GREEN BAY — If you do the math — simple addition in this case — you can deduce that Aaron Rodgers won’t be playing quarterback for the Green Bay Packers when they host the Atlanta Falcons in a matchup of two of the NFL’s more disappointing teams Sunday.
Rodgers and Packers coach Mike McCarthy spoke with reporters in separate sessions Wednesday and, if you combine their messages, it’s obvious Rodgers won’t receive medical clearance for his broken left collarbone in time to be a full participant in practice or play in what amounts to a do-or-die game for the Packers.
“It’s a medical decision,” Rodgers said. “There were three parts to it: the strength, the range of motion and the evidence that we see on the scan. Two out of three are passed so far.”
The third test, the bone scan that reveals the rate at which the bone is healing, hasn’t been passed. Asked earlier if another bone scan on Rodgers was scheduled for later in the week, McCarthy said, “No, we’re not going to continue doing that.”
OK, then. If the bone scan wasn’t good enough to clear Rodgers and if he’s not going to have another bone scan before the game, well, the math simply doesn’t add up for Rodgers to ride in on a white horse and save the Packers’ season.
Basically then, the question for Green Bay remains the same even as its playoff hopes hover between slim and none: Can the Packers even win a football game without Rodgers at quarterback?
So far, the answer is an emphatic and sobering no. The Packers are 0-4-1 since Rodgers went down and they haven’t looked very good doing it. They’ve used three starting quarterbacks, all short-termers with the team, and none has been able to lead the Packers to victory or even get them to resemble a playoff team.
The Packers’ playoff situation can be summarized in this nutshell: They must win their final four games and hope for help either from the Detroit Lions or the Lions’ opponents to win the NFC North title. Since the Lions are the NFL’s most unpredictable team and since injuries, especially at quarterback, have a way of changing a team’s fortunes in a heartbeat, there is never reason for an NFL team to throw in the towel until it is mathematically eliminated.
Some have interpreted that sliver of playoff hope as a reason for the Packers to rush Rodgers back into action, that the risk of damaging the collarbone again, likely with far greater complications, outweighs the need for caution. But that would be a football decision and, while football people once routinely outvoted team doctors in the NFL, that is no longer the case.
There is also a school of thought that former Packers ironman Brett Favre would have returned by now, which is just plain wrong. With the current Collective Bargaining Agreement and the NFL’s recent emphasis on player safety, this is, has been and always will be a medical decision on Rodgers. He will play when the doctors feel he can survive a blow to the shoulder and not a moment before.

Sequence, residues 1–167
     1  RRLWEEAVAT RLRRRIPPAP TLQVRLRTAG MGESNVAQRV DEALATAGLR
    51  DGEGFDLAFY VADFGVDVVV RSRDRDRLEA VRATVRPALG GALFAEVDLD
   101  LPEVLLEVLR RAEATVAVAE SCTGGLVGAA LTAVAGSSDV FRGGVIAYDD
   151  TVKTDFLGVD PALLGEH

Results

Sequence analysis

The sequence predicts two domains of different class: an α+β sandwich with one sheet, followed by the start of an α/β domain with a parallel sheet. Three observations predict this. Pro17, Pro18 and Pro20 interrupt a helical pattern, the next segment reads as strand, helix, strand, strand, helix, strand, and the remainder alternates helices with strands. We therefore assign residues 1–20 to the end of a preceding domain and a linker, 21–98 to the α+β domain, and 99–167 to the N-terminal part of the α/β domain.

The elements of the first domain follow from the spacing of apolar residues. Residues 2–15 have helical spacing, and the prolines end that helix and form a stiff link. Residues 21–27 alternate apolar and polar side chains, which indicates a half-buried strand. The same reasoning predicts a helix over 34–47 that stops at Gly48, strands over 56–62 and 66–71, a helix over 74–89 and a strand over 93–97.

That leaves the Packers’ fate up to Matt Flynn, Rodgers’ one-time caddy who returned to the Packers’ fold Nov. 12 and was expected to save the season until he looked like a sore-armed, overmatched rookie against the Lions on Thanksgiving Day. Still, there is reason to think Flynn will be better against the Falcons than he was against the Lions and, no, not because he couldn’t possibly be any worse.
For one thing, the Packers will play at home, likely in frigid conditions against an injury-depleted dome team that has a 3-9 record after averaging 12 victories over the past three seasons. Second, the Packers will have 10 days between games, so they’ll be about as rested as a team can be this time of year. Finally, Flynn had very limited practice leading up to the Lions game due to the short week, so he’ll be as ready to perform at a winning level as he’s been since he signed.
Flynn insisted his arm is sound and said he’s using the full week of practice “just getting time with the receivers, getting timing down with some of the new plays we have here that I haven’t necessarily really run in practice. Just getting timing down and getting the communication down with the O-line and the running backs and things like that. Just all the little things you miss out not being here a while. Just getting back on that rhythm, understanding the body language of the receivers and really what we’re trying to do schematically.”
What that means is, even without Rodgers under center, the Packers’ day of reckoning has arrived. Many have used their 0-4-1 record as an indictment of the single-minded method McCarthy and general manager Ted Thompson have used to build this team, both at the backup quarterback position and throughout the roster. If the Packers can’t beat a woebegone Falcons team with Flynn totally immersed in the game plan and a well-rested team, it will go a long way toward proving those critics right.